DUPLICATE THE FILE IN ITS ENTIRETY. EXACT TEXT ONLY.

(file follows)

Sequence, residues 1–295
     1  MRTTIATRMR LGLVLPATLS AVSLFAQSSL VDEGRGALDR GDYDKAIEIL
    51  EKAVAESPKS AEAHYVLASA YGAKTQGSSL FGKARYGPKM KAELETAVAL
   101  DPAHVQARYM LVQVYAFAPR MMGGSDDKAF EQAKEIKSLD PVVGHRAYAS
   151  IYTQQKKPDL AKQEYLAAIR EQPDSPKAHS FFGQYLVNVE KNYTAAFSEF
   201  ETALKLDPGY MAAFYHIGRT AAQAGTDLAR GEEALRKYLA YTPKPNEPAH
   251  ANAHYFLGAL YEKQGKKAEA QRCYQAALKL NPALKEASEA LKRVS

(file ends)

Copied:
Sequence, residues 1–295
     1  MRTTIATRMR LGLVLPATLS AVSLFAQSSL VDEGRGALDR GDYDKAIEIL
    51  EKAVAESPKS AEAHYVLASA YGAKTQGSSL FGKARYGPKM KAELETAVAL
   101  DPAHVQARYM LVQVYAFAPR MMGGSDDKAF EQAKEIKSLD PVVGHRAYAS
   151  IYTQQKKPDL AKQEYLAAIR EQPDSPKAHS FFGQYLVNVE KNYTAAFSEF
   201  ETALKLDPGY MAAFYHIGRT AAQAGTDLAR GEEALRKYLA YTPKPNEPAH
   251  ANAHYFLGAL YEKQGKKAEA QRCYQAALKL NPALKEASEA LKRVS